The Advance Health Care Directive is a document by which a person may set out his or her directions concerning health care, end-of-life decisions, and related concerns. This form is comprised of three main components: 1) Power of Attorney for Health Care – allowing you to designate an “agent” to make health care decisions on your behalf should you be incapable, such as in a coma; 2) Health Care Directive – allowing you to direct that your health care provider provide, withhold, or withdraw health treatment for yourself under circumstances where your physicians expect you to die within a relatively short period of time; and 3) Additional Directives — granting you options such as organ donation and the ability to give instructions for burial/cremation (see California Probate Code §4600-4806 for more information).
Community Property is any property acquired by either spouse during marriage, except for property acquired by gift or inheritance. For instance, if one spouse’s friend gives her a gift of $10,000, that would be separate property. (Same situation if such spouse’s parent died and she inherited money.) As for community property, each spouse owns an undivided one-half (1/2) interest in the property. (see California Probate Code §28 for more information)
When a Medi-Cal recipient dies, the state may make an “estate recovery claim” for repayment of certain health care services which the decedent received and were paid for by Medi-Cal. Since January 1, 2017, certain assets are exempt from such a claim, including real property held in a trust (such as a revocable living trust), and property held in a joint tenancy, survivorship and/or life estate arrangement.
A General (Financial) Power of Attorney is a document whereby an individual (the “principal”) can grant to another person (the “holder,” “attorney-in-fact,” or simply “agent”) the power to conduct functions, typically of a financial nature, on his or her behalf. A power of attorney is considered “durable” if the authority to conduct functions remains exercisable even if the principal should become incapacitated (CPC §4124). In California the most commonly used general power of attorney is a Uniform Statutory Form Power of Attorney. (see California Probate Code §4401-4465 for more information)
A Power of Attorney for Health Care allows you to designate a person (and any potential “backups”) as your agent, to make health care decisions on your behalf should you be incapable, such as in a coma. It is normally one of three parts that comprise a California Advance Health Care Directive. (see California Probate Code §4680-4691 for more information)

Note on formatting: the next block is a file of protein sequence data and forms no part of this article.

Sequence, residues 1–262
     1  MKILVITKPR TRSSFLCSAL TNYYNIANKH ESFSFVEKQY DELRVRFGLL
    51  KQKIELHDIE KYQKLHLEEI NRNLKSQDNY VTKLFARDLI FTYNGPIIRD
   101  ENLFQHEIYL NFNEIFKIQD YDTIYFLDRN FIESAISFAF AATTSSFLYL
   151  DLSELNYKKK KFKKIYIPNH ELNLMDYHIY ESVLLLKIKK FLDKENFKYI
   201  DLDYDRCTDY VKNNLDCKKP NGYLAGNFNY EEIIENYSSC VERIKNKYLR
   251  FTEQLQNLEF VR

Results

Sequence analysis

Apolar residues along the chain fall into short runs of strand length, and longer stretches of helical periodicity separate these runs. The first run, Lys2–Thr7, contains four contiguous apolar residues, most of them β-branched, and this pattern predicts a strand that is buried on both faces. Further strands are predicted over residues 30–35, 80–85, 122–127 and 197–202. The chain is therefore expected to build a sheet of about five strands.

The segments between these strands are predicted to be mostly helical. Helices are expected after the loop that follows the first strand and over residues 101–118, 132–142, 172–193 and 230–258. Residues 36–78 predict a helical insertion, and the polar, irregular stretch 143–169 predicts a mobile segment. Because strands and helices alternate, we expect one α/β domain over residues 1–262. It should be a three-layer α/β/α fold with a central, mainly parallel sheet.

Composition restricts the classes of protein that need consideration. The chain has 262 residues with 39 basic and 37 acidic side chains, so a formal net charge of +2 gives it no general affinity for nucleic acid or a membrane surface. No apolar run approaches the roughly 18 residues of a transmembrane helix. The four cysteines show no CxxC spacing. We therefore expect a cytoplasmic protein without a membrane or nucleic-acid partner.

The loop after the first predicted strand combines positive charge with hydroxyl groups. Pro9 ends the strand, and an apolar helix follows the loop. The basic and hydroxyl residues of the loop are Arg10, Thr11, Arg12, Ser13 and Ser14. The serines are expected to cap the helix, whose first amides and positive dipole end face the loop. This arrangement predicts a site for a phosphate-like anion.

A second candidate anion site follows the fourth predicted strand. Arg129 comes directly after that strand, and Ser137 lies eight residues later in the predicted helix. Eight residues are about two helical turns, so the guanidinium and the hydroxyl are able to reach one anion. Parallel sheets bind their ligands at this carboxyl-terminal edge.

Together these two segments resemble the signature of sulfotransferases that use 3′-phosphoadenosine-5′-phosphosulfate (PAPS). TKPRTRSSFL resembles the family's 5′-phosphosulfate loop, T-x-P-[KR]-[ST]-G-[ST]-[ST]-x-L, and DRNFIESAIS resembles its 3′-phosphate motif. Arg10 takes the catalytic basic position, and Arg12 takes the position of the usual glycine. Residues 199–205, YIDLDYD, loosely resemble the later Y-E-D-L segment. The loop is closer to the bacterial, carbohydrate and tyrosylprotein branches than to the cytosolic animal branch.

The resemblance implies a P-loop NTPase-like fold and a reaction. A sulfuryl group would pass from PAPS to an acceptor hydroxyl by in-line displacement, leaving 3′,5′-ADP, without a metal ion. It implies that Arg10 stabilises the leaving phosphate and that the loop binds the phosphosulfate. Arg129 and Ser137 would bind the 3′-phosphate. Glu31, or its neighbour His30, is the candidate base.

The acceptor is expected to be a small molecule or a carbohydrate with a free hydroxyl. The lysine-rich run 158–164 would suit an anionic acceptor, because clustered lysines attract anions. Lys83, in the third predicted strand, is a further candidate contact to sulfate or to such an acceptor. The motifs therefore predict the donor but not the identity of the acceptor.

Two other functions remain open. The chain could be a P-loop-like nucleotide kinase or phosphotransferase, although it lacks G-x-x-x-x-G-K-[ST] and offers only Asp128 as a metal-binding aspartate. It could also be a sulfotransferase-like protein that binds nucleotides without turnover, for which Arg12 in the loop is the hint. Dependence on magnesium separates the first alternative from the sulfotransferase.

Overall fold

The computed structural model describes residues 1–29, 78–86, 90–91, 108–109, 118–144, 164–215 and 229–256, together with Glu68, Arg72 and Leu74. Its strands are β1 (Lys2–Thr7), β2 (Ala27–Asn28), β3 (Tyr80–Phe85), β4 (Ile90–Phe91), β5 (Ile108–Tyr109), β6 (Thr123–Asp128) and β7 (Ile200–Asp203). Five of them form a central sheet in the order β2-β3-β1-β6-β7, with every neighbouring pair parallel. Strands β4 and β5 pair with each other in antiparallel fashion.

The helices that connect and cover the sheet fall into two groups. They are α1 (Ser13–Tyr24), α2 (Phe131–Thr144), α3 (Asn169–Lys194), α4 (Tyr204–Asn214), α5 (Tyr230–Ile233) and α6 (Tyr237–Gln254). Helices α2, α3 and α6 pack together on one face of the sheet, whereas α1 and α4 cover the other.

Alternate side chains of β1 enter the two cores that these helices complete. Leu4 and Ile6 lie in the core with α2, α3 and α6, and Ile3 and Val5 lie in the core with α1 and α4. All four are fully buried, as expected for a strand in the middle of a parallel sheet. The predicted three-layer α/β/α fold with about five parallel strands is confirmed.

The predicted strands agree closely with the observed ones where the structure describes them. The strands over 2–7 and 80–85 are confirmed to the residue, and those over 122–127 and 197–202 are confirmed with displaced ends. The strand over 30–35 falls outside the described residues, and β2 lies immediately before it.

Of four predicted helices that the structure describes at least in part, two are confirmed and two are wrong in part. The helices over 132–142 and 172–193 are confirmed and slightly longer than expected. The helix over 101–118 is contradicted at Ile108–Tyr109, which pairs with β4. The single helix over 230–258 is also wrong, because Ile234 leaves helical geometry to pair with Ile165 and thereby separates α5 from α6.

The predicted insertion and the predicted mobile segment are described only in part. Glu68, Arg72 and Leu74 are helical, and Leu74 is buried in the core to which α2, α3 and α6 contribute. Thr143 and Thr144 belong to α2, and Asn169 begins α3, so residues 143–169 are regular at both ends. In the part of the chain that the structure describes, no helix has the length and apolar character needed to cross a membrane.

Probate Fees are the attorney and executor fees allowed by statute in a court-supervised administration (i.e., probate) of one’s estate. While there may be cause to request extraordinary fees from the court, the current fee structure is as follows:
(1) Four percent on the first one hundred thousand dollars ($100,000).
(2) Three percent on the next one hundred thousand dollars ($100,000).
(3) Two percent on the next eight hundred thousand dollars ($800,000).
(4) One percent on the next nine million dollars ($9,000,000).
(5) One-half of one percent on the next fifteen million dollars ($15,000,000).
(6) For all amounts above twenty-five million dollars ($25,000,000), a reasonable amount to be determined by the court.
For example, Probate Fees for the administration of an estate with a hypothetical value of $900,000:
(1) 4% on the first $100,000: $ 4,000.00
(2) 3% on the next $100,000: $ 3,000.00
(3) 2% on the next $700,000: $14,000.00
(see California Probate Code §10800-10850 for more information)
A power of attorney that “springs” into effect once a specified event or contingency has occurred, in accordance with the terms of the power of attorney document. For example, you could create a power of attorney that does not become effective until you take your next vacation or business trip to a foreign country. (see California Probate Code §4030; 4129 for more information)
A trust is a relationship, typically spelled-out in a written document, called a “trust agreement” or “declaration of trust,” whereby you as the creator of the trust (the “trustor”) transfer your property into the managerial hands of a “trustee” (who is typically yourself while you are living) for the benefit of your “beneficiaries” (typically yourself while you are alive, and your spouse and/or your children upon your death). (see California Probate Code §15000-15805 for more information)
A will is a legally binding document that, upon the will creator’s (the “testator’s”) death, governs the disposition of the testator’s assets which have not been titled in a trust or devised by another probate avoiding instrument. A will is revocable or amendable during the testator’s lifetime (see California Probate Code §6100-6390 for more information).